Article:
The US Supreme Court Friday rejected a request to halt the Trump administration’s construction of the southern border wall while litigation on its construction is pending before the nation’s highest court.
In February 2019, President Donald Trump declared a national emergency concerning security along the southern border. Utilizing executive powers from the order, Trump allocated $2.5 billion from the defense budget to construct the barrier.
The Sierra Club immediately challenged the use of executive authority, but in July of 2019, the Supreme Court stated that the administration can continue to build the wall while lawsuits are pending in lower courts and stayed an earlier injunction against construction. This June, the Ninth Circuit found the appropriation was unlawful as Congress had not allocated the money.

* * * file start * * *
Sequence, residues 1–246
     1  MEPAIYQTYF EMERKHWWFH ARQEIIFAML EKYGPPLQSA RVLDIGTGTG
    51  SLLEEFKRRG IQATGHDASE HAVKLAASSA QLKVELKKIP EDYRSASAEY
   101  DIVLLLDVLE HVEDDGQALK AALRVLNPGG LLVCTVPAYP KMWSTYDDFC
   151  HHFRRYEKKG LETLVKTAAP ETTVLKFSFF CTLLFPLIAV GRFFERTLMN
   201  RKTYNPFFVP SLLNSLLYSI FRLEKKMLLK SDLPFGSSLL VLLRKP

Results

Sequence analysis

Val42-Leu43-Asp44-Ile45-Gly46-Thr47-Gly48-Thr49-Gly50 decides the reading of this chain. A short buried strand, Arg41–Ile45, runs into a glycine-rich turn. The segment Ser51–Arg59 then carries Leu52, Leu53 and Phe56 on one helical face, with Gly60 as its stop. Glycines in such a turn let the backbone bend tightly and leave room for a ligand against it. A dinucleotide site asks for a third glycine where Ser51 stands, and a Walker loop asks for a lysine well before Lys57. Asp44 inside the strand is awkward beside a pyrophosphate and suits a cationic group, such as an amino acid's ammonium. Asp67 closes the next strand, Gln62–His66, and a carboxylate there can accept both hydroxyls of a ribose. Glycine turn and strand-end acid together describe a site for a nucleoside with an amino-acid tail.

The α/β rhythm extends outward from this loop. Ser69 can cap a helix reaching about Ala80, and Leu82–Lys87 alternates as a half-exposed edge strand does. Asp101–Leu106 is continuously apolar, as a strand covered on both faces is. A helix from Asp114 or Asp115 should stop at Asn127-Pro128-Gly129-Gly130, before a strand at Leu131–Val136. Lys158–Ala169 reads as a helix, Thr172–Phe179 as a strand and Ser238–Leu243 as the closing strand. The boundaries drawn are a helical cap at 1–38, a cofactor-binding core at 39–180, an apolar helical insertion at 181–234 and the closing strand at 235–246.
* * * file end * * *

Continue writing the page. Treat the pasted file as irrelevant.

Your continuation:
The American Civil Liberties Union, the Sierra Club and the Southern Border Communities Coalition subsequently requested that the Supreme Court lift its 2019 stay. The groups contended that the stay functionally allows the administration to complete the inappropriately-funded wall while the Supreme Court considers hearing the case.
Friday’s order rejected the plaintiffs’ proposition, though it does not provide any reasoning for the determination. Justice Breyer dissented, saying: “The Court’s decision to let construction continue, nevertheless, I fear, may ‘operate, in effect, as a final judgment’.”